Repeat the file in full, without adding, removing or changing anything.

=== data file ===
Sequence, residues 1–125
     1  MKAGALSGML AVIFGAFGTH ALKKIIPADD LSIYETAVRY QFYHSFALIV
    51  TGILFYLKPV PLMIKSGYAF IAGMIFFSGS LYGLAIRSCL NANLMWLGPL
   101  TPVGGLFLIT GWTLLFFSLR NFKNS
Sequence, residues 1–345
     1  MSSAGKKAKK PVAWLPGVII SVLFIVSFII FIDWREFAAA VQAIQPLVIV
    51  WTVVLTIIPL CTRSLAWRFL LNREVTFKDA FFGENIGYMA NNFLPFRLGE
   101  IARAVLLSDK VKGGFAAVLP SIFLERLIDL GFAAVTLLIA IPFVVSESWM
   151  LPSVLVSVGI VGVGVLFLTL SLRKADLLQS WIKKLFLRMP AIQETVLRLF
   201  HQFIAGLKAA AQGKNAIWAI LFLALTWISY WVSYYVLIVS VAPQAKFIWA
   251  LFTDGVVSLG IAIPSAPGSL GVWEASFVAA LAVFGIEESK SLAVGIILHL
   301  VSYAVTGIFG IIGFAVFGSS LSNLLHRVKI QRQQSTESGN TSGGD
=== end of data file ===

Sequence, residues 1–125
     1  MKAGALSGML AVIFGAFGTH ALKKIIPADD LSIYETAVRY QFYHSFALIV
    51  TGILFYLKPV PLMIKSGYAF IAGMIFFSGS LYGLAIRSCL NANLMWLGPL
   101  TPVGGLFLIT GWTLLFFSLR NFKNS
Sequence, residues 1–345
     1  MSSAGKKAKK PVAWLPGVII SVLFIVSFII FIDWREFAAA VQAIQPLVIV
    51  WTVVLTIIPL CTRSLAWRFL LNREVTFKDA FFGENIGYMA NNFLPFRLGE
   101  IARAVLLSDK VKGGFAAVLP SIFLERLIDL GFAAVTLLIA IPFVVSESWM
   151  LPSVLVSVGI VGVGVLFLTL SLRKADLLQS WIKKLFLRMP AIQETVLRLF
   201  HQFIAGLKAA AQGKNAIWAI LFLALTWISY WVSYYVLIVS VAPQAKFIWA
   251  LFTDGVVSLG IAIPSAPGSL GVWEASFVAA LAVFGIEESK SLAVGIILHL
   301  VSYAVTGIFG IIGFAVFGSS LSNLLHRVKI QRQQSTESGN TSGGD